Like Lock, many young pilots found themselves unemployed after World War II and took advantage of the surfeit of biplanes standing around unused to make a living wingwalking at air shows. In order to attract more spectators, they would pick pretty women from the audience and set them on the wings. Sadly, they were not all as talented as Ethel Dare, a former circus trapeze artiste, who went down in history in late 1919 as “Queen of the Air,” when she became the first woman to step from one airplane to another in flight. Many of the other, wholly unprepared ladies tumbled from the wings. When the deaths multiplied, tight restrictions were imposed on barnstorming, as this kind of “circus flying” was called, and finally it disappeared. It was not until the 1970s that wingwalking was revived in the USA. In 1985, English race driver and pilot Vic Norman hit on the idea of introducing wingwalking to the UK and paid a visit to Mr. Airshow himself, Californian stunt pilot Art Scholl, the only person with the technical paperwork and licenses for the wingwalk apparatus, a trade secret Scholl had never before shared. He took to young Vic, but fell to his death on the Top Gun set soon after they met. In the end, Scholl’s widow gave the documents to Vic, who sent his first wingwalker into the air in 1987. Watchmaker Breitling is now his sponsor. Emily is one of the latest generation of six wingwalkers working with a team of pilots for Vic.
And their work up here among the clouds is tough – strenuous, cold, and deafeningly loud. There’s nothing I would like better right now than a motorcycle helmet with a visor. To my left, Emily strikes a pose on her biplane – and smiles! How on earth can she smile? Standing on her head, she pivots – still smiling. Unbelievable! She looks lovely in her black gym suit with its striking silver stars, her blond hair streaming in the wind. With an effort, I twist my head round in her direction and attempt a grin. Weeks later, my facial contortions and windswept hair still elicit mockery from my photographer and colleagues. Gracefully, Emily stretches her arms out to her sides, gives a cheerful wave, and performs the half-splits – a veritable ballerina in the sky.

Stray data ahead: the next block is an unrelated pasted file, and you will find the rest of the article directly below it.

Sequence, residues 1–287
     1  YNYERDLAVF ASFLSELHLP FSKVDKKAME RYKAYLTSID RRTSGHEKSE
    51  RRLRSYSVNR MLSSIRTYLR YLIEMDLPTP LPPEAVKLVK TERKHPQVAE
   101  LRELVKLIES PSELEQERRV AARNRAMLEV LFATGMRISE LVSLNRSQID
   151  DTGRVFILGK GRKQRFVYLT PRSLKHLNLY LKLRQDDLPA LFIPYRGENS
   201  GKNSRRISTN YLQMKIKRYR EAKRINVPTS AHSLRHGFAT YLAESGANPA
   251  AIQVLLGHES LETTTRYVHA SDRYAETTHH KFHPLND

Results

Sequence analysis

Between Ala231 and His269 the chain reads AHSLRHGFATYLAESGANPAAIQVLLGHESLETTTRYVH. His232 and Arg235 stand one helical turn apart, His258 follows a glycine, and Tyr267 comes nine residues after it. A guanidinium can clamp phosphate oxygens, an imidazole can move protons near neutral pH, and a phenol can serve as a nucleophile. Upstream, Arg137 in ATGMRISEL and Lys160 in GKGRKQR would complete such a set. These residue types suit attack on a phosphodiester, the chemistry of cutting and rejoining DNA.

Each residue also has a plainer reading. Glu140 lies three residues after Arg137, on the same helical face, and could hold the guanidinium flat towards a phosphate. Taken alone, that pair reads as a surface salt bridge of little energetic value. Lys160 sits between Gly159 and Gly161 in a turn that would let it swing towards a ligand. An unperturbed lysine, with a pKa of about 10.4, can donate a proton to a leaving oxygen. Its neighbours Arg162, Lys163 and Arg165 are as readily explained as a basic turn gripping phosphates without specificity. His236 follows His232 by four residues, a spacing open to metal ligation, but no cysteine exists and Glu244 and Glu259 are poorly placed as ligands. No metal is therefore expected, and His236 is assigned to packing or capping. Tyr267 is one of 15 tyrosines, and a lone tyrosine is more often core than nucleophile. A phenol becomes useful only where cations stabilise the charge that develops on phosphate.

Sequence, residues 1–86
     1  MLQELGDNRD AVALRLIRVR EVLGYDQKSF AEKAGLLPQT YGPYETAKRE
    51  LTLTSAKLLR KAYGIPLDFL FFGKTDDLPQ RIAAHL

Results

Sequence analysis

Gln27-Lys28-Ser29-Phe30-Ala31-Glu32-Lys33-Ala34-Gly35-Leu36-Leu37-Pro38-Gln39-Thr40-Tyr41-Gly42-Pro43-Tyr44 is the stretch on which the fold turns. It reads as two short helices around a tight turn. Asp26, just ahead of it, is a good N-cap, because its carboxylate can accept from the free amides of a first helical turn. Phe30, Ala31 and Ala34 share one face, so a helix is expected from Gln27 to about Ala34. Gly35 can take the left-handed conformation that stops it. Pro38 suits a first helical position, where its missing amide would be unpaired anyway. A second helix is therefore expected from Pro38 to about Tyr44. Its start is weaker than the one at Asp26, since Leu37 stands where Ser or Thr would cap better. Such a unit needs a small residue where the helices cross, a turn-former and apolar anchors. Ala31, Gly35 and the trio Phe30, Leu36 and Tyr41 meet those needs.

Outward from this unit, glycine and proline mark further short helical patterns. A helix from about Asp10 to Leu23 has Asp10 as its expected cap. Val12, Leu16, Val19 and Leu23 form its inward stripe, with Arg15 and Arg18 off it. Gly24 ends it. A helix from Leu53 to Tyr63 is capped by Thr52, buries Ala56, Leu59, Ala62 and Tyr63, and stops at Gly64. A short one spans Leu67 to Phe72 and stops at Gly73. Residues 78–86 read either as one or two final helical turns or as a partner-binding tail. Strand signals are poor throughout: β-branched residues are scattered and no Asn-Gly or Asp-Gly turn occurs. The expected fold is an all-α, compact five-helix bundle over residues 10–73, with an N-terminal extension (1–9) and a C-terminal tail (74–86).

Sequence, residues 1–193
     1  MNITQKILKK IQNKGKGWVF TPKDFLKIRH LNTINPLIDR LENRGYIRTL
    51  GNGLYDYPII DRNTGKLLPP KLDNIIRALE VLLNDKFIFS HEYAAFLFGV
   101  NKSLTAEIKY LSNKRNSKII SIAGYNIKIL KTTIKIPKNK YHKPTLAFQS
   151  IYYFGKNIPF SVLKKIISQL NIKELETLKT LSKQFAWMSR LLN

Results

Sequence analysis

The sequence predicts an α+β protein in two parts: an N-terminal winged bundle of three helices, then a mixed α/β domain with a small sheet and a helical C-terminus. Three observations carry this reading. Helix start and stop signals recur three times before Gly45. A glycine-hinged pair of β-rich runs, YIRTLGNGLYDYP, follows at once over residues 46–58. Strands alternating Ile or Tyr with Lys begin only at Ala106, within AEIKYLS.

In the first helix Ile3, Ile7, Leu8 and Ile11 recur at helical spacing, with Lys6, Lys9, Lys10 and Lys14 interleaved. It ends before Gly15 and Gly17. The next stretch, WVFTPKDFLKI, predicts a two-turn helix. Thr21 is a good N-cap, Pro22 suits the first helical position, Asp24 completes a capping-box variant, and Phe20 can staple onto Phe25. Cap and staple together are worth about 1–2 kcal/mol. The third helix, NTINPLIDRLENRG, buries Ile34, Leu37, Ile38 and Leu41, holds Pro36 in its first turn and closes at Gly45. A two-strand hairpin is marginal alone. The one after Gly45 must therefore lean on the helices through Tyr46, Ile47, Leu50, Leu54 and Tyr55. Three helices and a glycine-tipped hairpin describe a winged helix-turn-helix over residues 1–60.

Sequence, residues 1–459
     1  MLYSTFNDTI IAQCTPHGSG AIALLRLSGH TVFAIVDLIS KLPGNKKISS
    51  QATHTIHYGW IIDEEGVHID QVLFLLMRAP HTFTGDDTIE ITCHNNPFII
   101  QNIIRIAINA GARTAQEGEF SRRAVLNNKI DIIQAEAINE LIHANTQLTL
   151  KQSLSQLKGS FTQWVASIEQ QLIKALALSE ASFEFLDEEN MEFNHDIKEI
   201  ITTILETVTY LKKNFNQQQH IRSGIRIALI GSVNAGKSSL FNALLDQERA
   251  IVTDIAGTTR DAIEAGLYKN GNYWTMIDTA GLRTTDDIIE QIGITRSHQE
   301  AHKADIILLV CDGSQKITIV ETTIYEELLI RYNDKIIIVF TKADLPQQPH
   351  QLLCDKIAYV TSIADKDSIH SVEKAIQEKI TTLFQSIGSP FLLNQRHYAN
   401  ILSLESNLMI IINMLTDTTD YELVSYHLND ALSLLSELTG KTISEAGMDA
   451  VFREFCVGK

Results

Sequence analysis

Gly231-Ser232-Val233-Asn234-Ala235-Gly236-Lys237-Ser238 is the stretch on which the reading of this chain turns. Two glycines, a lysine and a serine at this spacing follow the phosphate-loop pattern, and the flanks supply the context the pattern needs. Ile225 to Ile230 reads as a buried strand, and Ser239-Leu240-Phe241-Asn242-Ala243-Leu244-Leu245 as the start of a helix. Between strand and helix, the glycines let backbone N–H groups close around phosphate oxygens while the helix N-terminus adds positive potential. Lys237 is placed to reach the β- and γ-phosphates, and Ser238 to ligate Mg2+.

Emily loves her job, she tells me later, except in the rain – the raindrops feel like needles. She has four days off a month, works out a lot, and flies with the team to a different air show every weekend. The girls practice climbing out of the cockpit onto the wing and back in again over and over again. With only a steel rope to secure them, that is the riskiest moment of a show. Norman’s motto is “safety first” so he doesn’t employ pregnant women or mothers. The team’s two- and four-woman formations are the only ones of their kind in the world. His is a flying circus with shows in Dubai, Australia, China, and France. Even Hollywood stars have been known to book the troupe for a party turn in L.A.
Pilot Martyn Carrington, thankfully in Emily’s biplane, flips the airplane over onto its back. I squint at the strap around my chest. It looks safe enough. Emily is hanging upside down, Martyn emits a long billow of smoke from his tail – our signal! We should really be flying directly below Emily now so that our hands can touch. That’s “the mirror” maneuver, the wingwalkers’ handshake. But I am no wingwalker, my 85 kilos are too much even for a 450 HP engine, so we can’t get close enough. And Martyn can’t slow down any more because to turn the plane on its head, he needs to fly 210km/h minimum. We veer away and land.
Our landing on the field that serves as a runway is bumpy. My thighs ache – but we are down on the ground again. Emily laughs. Martyn and Dave laugh. I laugh – mainly because it’s all over. But also because it’s actually been great fun. So: why not?
Tim Cappelmann planned to start his career in journalism at Cóndor, a German-language weekly based in Santiago, Chile. Instead, he spent a year traveling from Santiago to Brownsville Texas, using only public transportation and a sailboat the whole time. After that, he developed an appreciation for airplanes, and now writes and reports for Lufthansa Magazin. His favorite subjects: pilots and astronauts, adventure travel and extreme sports.